Yerkes Dodson Law

Junior doctors change specialties every 4-6 months.  So one day you could be working as an Accident & Emergency doctor and the next you could be working as a Paediatrician.

This is an overwhelming experience.  Imagine having to potentially give CPR to a new-born baby on your first day of work!  That feeling of being overwhelmed and not knowing doesn’t disappear until you’re about a month to a month and a half into the rotation.  At that point if you’re not personally interested in the specialty then your mind tends to switch off, go into autopilot until the end of the rotation when that overwhelming fear starts again.

I recently came across the Yerkes Dodson Law.

2000px-hebbianyerkesdodson-svgThe Yerkes Dodson Law

The Yerkes Dodson Law states that trying a little harder and being continuously challenged on a regular basis is the key to continual growth.  Essentially this means that if you’re not being pushed continuously then the stimulus to get better disappears.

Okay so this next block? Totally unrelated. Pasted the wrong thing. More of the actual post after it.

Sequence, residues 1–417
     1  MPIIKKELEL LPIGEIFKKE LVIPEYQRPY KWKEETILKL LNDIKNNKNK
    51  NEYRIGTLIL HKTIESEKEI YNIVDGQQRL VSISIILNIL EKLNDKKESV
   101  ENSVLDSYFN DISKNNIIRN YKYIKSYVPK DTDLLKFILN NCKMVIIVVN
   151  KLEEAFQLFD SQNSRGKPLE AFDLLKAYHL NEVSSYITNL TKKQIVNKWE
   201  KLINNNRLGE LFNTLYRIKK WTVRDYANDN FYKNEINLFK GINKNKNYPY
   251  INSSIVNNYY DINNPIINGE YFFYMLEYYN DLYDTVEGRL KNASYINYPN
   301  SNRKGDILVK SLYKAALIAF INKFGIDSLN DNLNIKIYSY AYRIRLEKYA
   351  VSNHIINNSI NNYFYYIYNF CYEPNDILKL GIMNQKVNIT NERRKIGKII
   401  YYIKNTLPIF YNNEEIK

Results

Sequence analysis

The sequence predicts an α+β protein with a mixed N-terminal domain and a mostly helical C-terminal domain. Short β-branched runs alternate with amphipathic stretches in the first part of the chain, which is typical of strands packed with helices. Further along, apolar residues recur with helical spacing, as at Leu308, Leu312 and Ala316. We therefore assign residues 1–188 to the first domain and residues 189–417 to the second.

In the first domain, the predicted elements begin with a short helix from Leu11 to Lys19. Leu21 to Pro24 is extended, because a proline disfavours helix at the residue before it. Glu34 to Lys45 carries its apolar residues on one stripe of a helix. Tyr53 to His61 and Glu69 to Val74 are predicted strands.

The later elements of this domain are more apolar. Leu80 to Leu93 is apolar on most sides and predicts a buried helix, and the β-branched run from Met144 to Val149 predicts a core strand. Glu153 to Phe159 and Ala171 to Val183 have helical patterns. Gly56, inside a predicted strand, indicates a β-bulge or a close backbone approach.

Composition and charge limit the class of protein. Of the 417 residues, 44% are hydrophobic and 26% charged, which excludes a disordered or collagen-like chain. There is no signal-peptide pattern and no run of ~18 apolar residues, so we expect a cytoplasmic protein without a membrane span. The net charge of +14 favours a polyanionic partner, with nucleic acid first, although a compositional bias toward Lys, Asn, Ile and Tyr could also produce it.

The problem is that as a junior doctor you are often exposed to problems way beyond what you have encountered before.

Academics have some disagreement amongst themselves, but it is generally agreed that being pushed 4% beyond what you can manage is the optimum amount of stimulus you need to keep growing.  Being pushed beyond this often is just too overwhelming and leads to mistakes and mismanagement.

It is interesting to note that studies have shown that because of the above, even the best senior medical physician becomes deskilled over time.  Surgeons, however, are the only group of physician that improve over time.  Why?  If they mess up then the patient dies on the table.


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